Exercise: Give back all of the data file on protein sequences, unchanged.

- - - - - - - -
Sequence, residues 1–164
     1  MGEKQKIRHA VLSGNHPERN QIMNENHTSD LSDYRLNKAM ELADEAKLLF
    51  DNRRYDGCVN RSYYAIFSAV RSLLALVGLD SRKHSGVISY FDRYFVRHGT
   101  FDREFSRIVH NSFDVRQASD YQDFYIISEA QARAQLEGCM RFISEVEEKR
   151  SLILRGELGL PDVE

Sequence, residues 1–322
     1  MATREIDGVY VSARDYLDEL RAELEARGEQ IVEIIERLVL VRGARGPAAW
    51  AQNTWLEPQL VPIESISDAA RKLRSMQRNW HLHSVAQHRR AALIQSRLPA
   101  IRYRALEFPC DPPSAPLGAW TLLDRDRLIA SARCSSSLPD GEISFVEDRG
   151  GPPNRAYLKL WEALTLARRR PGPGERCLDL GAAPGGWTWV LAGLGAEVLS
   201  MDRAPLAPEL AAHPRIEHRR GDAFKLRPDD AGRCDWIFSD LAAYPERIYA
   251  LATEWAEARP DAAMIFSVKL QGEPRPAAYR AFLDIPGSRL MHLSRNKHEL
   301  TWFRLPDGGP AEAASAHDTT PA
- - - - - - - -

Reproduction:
Sequence, residues 1–164
     1  MGEKQKIRHA VLSGNHPERN QIMNENHTSD LSDYRLNKAM ELADEAKLLF
    51  DNRRYDGCVN RSYYAIFSAV RSLLALVGLD SRKHSGVISY FDRYFVRHGT
   101  FDREFSRIVH NSFDVRQASD YQDFYIISEA QARAQLEGCM RFISEVEEKR
   151  SLILRGELGL PDVE

Sequence, residues 1–322
     1  MATREIDGVY VSARDYLDEL RAELEARGEQ IVEIIERLVL VRGARGPAAW
    51  AQNTWLEPQL VPIESISDAA RKLRSMQRNW HLHSVAQHRR AALIQSRLPA
   101  IRYRALEFPC DPPSAPLGAW TLLDRDRLIA SARCSSSLPD GEISFVEDRG
   151  GPPNRAYLKL WEALTLARRR PGPGERCLDL GAAPGGWTWV LAGLGAEVLS
   201  MDRAPLAPEL AAHPRIEHRR GDAFKLRPDD AGRCDWIFSD LAAYPERIYA
   251  LATEWAEARP DAAMIFSVKL QGEPRPAAYR AFLDIPGSRL MHLSRNKHEL
   301  TWFRLPDGGP AEAASAHDTT PA